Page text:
The zucchini mothership has landed. If you have ever grown a summer squash plant, you will understand the trials of this prolific fruit. One plant will deliver one fruit every 24 to 48 hours for the duration of the summer. They grow extraordinarily fast. One day they are the size of your thumb and the next day they are as big as a banana. If you don’t catch them at the banana stage, they quickly grow into a ten pound beast. You can still use the zucchini no matter what size, but for different purposes. The largest are often shredded for baking while the smallest are sliced up for frying. The point is, when you get into summer squash season you have to get creative (or share them with your neighbors) are you might become overwhelmed.
Baby Beet Greens
Kohlrabi (larges only)
Cherry Tomatoes (larges only)
The good news is that the season for summer squash is short. We are usually harvesting it early July through early Sept. Those two months is just enough time for us to eat ourselves sick of it and be satisfied enough to not need to see another zucchini until next year.
Eating seasonally is a huge part of being in a farm share program. While we do our best to get you more variety than a typical northern Wisconsin garden, we are still limited to those typical “days to maturity” we find on seed packages. Eating a large amount of one vegetable for a short period of time is good for our health. We get a flush of nutrients that we may not have had in some time. It saturates us in nutrition and gives our bodies a chance to replenish and renew specific organs that have specific needs. Summer and winter squash are loaded with fiber to help cleanse your colon, broccoli will help detoxify the liver and potentially prevent cancer, the high water content in napa cabbage is highly absorbable and helps flush and detoxify naturally.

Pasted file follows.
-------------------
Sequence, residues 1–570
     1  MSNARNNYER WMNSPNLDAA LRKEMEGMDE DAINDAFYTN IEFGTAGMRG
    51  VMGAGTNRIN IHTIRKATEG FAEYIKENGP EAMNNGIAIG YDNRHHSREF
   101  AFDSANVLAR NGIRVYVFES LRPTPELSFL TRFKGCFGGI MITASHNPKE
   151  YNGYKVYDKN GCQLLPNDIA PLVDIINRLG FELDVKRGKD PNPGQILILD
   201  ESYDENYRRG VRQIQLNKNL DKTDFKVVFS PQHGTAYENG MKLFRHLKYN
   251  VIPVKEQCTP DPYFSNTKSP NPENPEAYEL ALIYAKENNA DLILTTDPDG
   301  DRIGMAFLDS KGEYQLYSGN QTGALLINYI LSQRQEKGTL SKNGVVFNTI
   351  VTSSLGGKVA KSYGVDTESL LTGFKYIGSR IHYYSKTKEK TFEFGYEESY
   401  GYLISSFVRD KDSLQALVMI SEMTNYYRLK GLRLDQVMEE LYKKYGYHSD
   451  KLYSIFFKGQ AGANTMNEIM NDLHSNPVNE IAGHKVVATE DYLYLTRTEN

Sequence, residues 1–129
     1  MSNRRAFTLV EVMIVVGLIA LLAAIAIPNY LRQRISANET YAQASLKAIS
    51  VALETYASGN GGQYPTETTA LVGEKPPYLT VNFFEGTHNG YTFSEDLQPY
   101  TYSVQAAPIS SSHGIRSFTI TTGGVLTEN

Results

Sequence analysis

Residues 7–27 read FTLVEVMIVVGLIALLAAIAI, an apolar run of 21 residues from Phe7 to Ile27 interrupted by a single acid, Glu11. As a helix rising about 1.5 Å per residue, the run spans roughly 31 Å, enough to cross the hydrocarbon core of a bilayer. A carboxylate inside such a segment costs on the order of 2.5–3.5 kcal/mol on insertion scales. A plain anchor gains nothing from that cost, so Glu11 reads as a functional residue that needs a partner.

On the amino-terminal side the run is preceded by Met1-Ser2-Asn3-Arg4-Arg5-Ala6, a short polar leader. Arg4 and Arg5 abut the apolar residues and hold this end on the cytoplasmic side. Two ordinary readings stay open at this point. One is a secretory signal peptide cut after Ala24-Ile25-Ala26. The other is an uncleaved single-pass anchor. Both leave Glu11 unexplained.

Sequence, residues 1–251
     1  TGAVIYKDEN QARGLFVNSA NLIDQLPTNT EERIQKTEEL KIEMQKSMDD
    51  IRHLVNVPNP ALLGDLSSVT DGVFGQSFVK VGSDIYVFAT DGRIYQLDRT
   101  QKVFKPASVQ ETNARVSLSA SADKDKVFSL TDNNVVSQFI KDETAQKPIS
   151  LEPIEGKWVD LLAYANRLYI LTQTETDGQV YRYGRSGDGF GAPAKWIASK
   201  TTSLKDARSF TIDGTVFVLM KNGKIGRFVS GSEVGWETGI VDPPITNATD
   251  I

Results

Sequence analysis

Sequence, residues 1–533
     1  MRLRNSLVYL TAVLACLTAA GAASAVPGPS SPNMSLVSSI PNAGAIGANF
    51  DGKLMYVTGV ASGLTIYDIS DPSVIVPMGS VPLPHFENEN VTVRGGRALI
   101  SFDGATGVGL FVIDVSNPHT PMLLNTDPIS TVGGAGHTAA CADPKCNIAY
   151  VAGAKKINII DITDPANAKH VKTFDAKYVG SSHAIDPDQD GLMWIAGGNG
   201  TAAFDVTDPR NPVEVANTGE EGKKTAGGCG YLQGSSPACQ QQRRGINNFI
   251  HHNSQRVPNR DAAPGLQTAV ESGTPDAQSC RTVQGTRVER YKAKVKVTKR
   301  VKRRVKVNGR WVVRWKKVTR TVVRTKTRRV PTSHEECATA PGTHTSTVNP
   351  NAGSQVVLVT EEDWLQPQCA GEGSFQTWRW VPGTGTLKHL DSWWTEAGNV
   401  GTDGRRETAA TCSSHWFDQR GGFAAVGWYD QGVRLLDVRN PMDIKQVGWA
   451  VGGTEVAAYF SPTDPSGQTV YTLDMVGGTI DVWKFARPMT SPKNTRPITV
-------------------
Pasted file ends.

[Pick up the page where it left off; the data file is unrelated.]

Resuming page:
Eating the same few vegetables every day for the entire year isn’t going to have the same effect as eating an excess of specific vegetables for short periods of time and changing the varieties seasonally. So while we overwhelm you with zucchini and all the summer squash relatives keep in mind it won’t last long. But it is good for our health to take it in with the bounty of the season.
Growing for you,